Films with a filmmaker protagonist tend to be exercises in self-indulgence waiting to happen. That’s anything but the case with “The Day He Arrives.” Seong-jun (Yu Jun-Sang) has made four films. They were enough of a success that when he’s sitting by himself in a restaurant, three film students recognize him. That success is far enough in the past that he’s now reduced to teaching film at a provincial university, as he somewhat sheepishly explains to pretty much everyone he encounters, and there aren’t exactly any directing projects in the offing. Even if he doesn’t admit it to himself or others, he’s a man at loose ends. The verb in the title of “The Day He Arrives” doesn’t refer so much to a traveler reaching a destination as to a man finding himself — or hoping to.
Seong-jun has come to Seoul for a few days to visit a friend (Kim Sang-joong). They talk, they smoke, they drink, and spend time with other people they know. Before seeing his friend, Seong-jun visits an old flame. They spend the night together. The next evening, the woman who runs the bar where he and his friends are drinking catches his eye. Well she should: The same actress, Kim Bo-kyung, plays both her and the old girlfriend.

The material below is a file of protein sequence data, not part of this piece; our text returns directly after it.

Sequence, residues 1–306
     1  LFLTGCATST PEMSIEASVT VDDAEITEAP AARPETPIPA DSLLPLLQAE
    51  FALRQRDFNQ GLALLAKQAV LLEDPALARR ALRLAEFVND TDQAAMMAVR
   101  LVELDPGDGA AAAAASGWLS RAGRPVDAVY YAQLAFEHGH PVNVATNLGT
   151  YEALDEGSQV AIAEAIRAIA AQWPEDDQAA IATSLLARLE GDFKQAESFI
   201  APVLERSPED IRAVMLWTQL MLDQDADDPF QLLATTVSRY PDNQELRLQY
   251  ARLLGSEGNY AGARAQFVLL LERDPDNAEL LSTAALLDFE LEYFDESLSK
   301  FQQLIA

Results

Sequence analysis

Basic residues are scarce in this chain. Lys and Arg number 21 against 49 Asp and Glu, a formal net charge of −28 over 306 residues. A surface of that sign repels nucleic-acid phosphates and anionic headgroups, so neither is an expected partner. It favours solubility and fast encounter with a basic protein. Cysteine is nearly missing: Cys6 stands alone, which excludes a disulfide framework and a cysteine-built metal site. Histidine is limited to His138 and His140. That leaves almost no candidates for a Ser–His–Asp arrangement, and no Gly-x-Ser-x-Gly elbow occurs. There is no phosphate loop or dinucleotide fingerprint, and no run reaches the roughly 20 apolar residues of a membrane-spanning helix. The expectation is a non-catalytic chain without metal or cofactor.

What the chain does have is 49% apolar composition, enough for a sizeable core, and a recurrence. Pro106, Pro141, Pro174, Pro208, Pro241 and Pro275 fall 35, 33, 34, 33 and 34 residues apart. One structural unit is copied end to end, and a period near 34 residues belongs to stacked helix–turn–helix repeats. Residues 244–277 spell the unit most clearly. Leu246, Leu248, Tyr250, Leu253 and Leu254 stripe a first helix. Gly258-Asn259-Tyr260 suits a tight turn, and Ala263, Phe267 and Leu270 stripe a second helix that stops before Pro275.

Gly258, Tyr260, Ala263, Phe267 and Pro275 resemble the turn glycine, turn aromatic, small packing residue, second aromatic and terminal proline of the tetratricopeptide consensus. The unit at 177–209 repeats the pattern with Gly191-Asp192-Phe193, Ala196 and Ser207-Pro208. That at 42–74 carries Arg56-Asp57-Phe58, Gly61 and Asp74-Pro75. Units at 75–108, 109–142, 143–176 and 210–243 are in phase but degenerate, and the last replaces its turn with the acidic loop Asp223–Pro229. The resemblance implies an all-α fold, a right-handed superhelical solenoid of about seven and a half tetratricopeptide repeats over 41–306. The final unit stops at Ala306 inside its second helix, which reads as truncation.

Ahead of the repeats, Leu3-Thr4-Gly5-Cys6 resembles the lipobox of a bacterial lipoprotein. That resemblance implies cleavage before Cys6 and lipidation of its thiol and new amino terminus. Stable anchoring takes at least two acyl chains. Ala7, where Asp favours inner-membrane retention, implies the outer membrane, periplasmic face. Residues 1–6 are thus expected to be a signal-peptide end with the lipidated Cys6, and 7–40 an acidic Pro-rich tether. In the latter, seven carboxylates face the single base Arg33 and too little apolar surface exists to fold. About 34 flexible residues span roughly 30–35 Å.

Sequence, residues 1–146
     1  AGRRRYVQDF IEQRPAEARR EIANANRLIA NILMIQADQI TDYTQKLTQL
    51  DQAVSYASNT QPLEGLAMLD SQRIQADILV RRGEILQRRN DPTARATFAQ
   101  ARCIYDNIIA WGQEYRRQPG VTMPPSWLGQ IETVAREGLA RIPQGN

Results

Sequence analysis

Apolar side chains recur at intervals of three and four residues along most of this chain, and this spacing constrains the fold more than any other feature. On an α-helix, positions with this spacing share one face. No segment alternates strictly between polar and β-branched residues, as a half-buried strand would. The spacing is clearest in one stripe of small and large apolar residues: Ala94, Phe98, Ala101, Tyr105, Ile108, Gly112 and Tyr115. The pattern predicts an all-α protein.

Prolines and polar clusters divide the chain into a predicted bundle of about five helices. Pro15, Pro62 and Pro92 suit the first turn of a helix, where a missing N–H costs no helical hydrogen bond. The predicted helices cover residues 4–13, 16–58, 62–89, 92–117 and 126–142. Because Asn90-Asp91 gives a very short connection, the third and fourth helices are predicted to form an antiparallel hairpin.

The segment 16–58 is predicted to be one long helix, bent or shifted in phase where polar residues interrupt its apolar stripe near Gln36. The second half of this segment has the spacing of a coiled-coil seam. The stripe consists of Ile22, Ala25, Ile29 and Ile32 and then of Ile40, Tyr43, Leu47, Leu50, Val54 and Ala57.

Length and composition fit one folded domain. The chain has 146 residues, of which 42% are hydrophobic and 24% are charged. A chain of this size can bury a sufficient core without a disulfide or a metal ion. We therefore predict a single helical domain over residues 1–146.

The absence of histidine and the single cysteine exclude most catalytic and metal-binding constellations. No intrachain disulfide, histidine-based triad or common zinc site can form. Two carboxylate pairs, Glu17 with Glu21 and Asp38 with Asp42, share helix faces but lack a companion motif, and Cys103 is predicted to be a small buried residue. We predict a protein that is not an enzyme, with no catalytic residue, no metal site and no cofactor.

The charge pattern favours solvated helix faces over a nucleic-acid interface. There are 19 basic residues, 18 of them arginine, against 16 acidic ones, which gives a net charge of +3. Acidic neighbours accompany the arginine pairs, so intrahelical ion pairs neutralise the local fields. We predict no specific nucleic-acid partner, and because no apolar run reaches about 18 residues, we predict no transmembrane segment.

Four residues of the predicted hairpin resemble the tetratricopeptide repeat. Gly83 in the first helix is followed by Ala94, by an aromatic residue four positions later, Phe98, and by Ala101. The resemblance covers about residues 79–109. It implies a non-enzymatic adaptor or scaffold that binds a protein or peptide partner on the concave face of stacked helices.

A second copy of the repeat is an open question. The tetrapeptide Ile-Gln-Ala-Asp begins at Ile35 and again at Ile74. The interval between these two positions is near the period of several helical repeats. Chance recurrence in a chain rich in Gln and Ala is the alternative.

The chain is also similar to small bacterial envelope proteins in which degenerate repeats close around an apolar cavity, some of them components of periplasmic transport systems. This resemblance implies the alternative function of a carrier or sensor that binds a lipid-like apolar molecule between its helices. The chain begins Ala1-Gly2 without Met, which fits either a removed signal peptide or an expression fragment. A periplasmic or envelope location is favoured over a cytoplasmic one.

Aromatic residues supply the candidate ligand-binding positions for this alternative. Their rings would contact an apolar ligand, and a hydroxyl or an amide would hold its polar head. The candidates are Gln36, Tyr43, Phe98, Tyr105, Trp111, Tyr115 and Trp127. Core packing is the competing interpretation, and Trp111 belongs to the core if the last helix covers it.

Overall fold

This bit of narrative trickiness is easily overlooked, since Hong Sang-soo (who also wrote the script) directs with such understated simplicity. He’s equally fond of long takes and small gestures. The clink of classes, the rustle of a plastic grocery bag, the exhalation of cigarette smoke can have the heft of great passion or violent acts. (Not that there isn’t great passion here, it’s just that it’s usually suppressed.) The crispness of the film’s digital black-and-white photography further enhances a sense of quotidian realism, as does the film’s unhurried pacing.
Nothing really eventful happens in “The Day He Arrives.” Yes, there are those two women, one old, one new, in Seong-jun’s life. But Hong’s bit of double casting leads us to think the eventfulness is in Seong-jun’s head — as does the fact that the new woman professes not to remember her first encounter with the director. Whether they happened or not hardly matters, though, since this oddly engrossing film conveys so well the least-uneventful thing of all, in Seong-jun’s existence or anyone else’s. That would be daily life itself.